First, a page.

Paris Peace Conf. 184.001101/18

Minutes of Meeting of the Steering Committee, August 5, 1919, at 2 p.m.

  • Present:
    • Dr. James Brown Scott
    • Prop. Johnson
    • Mr. Harrison
    • Mr. J. F. Dulles
    • Mr. A. W. Dulles (Secretary)

I. Dr. Scott gave the following analysis of the present state of preparation of the Hungarian Treaty:

(1) The Preamble and the Covenant of the League of Nations are ready. The frontiers of Austria are being finally drafted by the geographers and are practically ready for insertion in the Treaty. [Page 473] The Political Clauses for Europe are ready with the exception of the Italian Clauses. The Hungarian interests outside of Europe can be modeled on the same clauses in the Austrian Treaty.

With regard to the Military, Naval and Air Clauses, Colonel Grant submitted the following written report.

The Military, Naval and Air Terms for Hungary were proposed by the Military, Naval and Aviation Representatives to the Supreme Council of the Allied and Associated Powers on June 7.
Report on the strength of the army that should be left Hungary was contained in a general report of the Military Representatives on the strength of the armies for the new Eastern countries a few days later.
A different draft for the military terms was proposed by the Delegation of the Kingdom of the Serbs, Croats and Slovenes June 19th. See S. H. Bulletin 478.

No action has apparently been taken on the Prisoners of War Clauses, but they can very closely follow the Austrian Treaty. The Clauses on Penalties can be taken bodily from the Austrian Treaty.

Mr. J. F. Dulles gave the following statement regarding the Reparation Clauses for the Hungarian Treaty—The first meeting was held on the 4th. In principle they will closely follow the Reparation Clauses in the Austrian Treaty, but it will probably be difficult to put them in final form until it is known whether any modifications will be made in the Austrian Reparation Clauses as result of the Austrian reply, as such changes, if made, should be embodied in the Hungarian Treaty. The same applies to the Financial Clauses.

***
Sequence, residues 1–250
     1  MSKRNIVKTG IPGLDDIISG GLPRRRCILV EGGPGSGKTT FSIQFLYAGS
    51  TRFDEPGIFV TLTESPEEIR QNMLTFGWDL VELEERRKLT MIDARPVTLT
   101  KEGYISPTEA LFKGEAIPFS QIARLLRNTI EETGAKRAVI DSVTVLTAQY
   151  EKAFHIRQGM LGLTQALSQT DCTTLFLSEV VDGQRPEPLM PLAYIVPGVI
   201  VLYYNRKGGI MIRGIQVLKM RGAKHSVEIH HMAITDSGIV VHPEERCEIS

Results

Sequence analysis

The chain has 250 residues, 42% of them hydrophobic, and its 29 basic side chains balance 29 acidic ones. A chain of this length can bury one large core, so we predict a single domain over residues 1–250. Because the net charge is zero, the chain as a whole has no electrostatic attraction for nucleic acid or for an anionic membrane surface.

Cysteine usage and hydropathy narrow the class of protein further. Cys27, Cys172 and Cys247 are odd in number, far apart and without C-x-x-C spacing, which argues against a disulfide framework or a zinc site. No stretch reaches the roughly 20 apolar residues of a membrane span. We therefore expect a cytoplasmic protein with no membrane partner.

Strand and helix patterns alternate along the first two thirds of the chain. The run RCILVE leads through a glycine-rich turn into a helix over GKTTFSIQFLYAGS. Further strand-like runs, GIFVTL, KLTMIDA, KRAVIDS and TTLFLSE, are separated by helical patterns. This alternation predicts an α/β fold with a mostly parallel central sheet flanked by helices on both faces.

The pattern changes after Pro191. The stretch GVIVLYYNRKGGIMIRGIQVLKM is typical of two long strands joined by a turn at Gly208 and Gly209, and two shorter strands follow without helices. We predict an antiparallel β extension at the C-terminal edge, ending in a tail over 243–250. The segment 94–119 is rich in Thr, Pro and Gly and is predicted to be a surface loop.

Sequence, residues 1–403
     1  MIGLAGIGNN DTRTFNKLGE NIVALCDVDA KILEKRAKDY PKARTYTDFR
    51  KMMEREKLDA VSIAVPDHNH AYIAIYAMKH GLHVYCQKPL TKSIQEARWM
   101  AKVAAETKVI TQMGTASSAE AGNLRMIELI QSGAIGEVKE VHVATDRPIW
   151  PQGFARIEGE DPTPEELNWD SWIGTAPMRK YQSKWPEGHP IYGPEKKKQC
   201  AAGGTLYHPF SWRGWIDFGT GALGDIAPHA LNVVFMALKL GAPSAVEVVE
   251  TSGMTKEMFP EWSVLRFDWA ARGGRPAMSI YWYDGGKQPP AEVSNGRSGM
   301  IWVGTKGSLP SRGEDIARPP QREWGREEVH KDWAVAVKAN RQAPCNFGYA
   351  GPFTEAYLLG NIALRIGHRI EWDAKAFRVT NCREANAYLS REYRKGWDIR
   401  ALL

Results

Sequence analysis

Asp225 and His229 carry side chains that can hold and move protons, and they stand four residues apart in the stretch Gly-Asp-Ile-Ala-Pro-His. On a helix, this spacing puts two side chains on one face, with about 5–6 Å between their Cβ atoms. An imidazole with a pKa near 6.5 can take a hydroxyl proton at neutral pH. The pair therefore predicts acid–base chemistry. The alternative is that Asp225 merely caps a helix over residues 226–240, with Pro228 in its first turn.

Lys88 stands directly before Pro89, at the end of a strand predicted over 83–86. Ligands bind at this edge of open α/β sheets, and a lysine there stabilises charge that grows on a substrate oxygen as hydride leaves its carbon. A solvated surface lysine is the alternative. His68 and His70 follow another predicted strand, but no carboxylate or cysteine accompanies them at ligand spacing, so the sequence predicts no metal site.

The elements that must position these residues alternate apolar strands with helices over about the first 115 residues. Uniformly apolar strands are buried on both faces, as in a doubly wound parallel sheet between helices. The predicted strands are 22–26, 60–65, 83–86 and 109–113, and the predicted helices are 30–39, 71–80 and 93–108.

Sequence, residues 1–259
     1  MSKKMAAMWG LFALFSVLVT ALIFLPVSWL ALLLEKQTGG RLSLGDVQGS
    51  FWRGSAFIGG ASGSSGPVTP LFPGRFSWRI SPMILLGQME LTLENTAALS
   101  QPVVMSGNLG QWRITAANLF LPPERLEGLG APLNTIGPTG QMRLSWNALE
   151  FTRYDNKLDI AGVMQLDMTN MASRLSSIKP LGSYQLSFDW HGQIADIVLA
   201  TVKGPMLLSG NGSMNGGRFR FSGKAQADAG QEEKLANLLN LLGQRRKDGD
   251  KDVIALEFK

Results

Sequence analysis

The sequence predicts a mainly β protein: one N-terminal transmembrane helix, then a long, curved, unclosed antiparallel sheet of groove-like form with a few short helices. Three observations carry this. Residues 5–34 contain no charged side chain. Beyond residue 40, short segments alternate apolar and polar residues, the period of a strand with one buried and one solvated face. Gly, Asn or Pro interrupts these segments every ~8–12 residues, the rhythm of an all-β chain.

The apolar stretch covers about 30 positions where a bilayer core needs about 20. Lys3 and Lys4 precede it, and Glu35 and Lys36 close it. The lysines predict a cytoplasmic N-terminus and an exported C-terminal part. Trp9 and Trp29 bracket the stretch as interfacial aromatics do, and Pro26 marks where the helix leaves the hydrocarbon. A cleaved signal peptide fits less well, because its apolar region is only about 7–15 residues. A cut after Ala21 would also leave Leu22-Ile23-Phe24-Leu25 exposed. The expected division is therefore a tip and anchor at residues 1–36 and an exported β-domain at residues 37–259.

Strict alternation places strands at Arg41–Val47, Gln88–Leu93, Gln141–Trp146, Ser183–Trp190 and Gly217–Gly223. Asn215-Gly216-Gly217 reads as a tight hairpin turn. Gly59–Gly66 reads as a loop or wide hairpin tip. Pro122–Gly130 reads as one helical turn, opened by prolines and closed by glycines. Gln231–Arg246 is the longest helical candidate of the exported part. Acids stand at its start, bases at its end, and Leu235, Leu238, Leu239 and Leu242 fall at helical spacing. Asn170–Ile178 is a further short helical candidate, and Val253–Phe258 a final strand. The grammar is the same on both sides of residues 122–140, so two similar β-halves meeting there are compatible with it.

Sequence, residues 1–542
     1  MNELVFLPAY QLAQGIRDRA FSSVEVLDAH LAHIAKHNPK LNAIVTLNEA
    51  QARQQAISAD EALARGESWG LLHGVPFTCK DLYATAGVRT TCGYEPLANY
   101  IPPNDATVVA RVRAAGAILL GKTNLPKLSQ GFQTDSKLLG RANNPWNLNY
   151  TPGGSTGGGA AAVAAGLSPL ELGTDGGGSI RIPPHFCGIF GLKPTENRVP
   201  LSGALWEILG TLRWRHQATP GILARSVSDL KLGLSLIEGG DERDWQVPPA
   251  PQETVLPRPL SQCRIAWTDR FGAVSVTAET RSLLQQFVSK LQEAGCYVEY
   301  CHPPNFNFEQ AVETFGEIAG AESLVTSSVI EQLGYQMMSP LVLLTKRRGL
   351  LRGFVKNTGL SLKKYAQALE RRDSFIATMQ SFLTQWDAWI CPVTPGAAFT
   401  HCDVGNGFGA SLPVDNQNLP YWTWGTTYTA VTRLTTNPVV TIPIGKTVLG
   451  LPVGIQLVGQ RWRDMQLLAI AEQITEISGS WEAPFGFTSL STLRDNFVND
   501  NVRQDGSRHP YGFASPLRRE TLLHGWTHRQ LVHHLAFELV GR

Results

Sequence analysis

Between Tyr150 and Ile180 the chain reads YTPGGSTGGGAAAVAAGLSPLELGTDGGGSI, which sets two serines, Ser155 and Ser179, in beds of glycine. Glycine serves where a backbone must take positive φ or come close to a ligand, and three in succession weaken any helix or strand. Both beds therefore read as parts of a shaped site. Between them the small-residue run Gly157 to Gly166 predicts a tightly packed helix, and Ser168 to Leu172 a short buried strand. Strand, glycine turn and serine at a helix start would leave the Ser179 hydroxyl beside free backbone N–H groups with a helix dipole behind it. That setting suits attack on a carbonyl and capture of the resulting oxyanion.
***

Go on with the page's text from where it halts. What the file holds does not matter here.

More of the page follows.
The Economic Clauses were adopted by the Supreme Council on May 26th for insertion in the Hungarian Treaty.5 They will probably now have to undergo the same changes as were made for the Economic Clauses in the Austrian Treaty.

As regards Ports, Waterways and Railways, the Supreme Council directed that the clauses originally adopted for this section by the Supreme Council should be included in the Hungarian Treaty. With the exception of Section 3, Chapter 4, the Ports, Waterways and Railways Clauses are in final form.

As a result of this summary, Dr. Scott suggested that the following recommendations be made to the American Commissioners:

That action be taken to ascertain what Political Clauses as regards Italy should be inserted in the Hungarian Treaty.
That the Supreme Council consider at an early date the Military, Naval and Air Clauses which were prepared by the Versailles Council on June 7th.
That the Supreme Council direct the preparation of Clauses on Prisoners of War.
That the Supreme Council direct the Commission on Ports, Waterways, and Railways to draft clauses for Section 3, Chapter 4, in case this has not already been done.

II. Mr. A. W. Dulles stated that the Austrian counter-reply would probably be received on the 6th instant. He inquired whether any definite action by the Commissioners was necessary to see that the appropriate members of the American Commission should be prepared to consider it. Mr. J. F. Dulles stated that, he understood that the Supreme Council had adopted a resolution directing that this reply be submitted for consideration to the various Committees which had drawn up the original clauses.

III. Dr. Scott asked whether Mr. J. F. Dulles could take further action to hasten the completion of the agreement with Italy regarding the share of the Austrian debt. Mr. Dulles replied that the Italians had submitted a new proposal to which Colonel Peel and he had replied. Mr. Dulles added that the matter would be actively pressed in the hope of an early solution.

IV. Dr. Scott suggested that the American Commissioners consider the advisability of asking the Supreme Council to refer to the Drafting Committee the Arms Traffic and the Liquor Conventions, as well as the Revision of the Berlin and Brussels act.

The meeting adjourned at 2:45.

  1. See CF–34, minute 9, vol. vi, p. 53.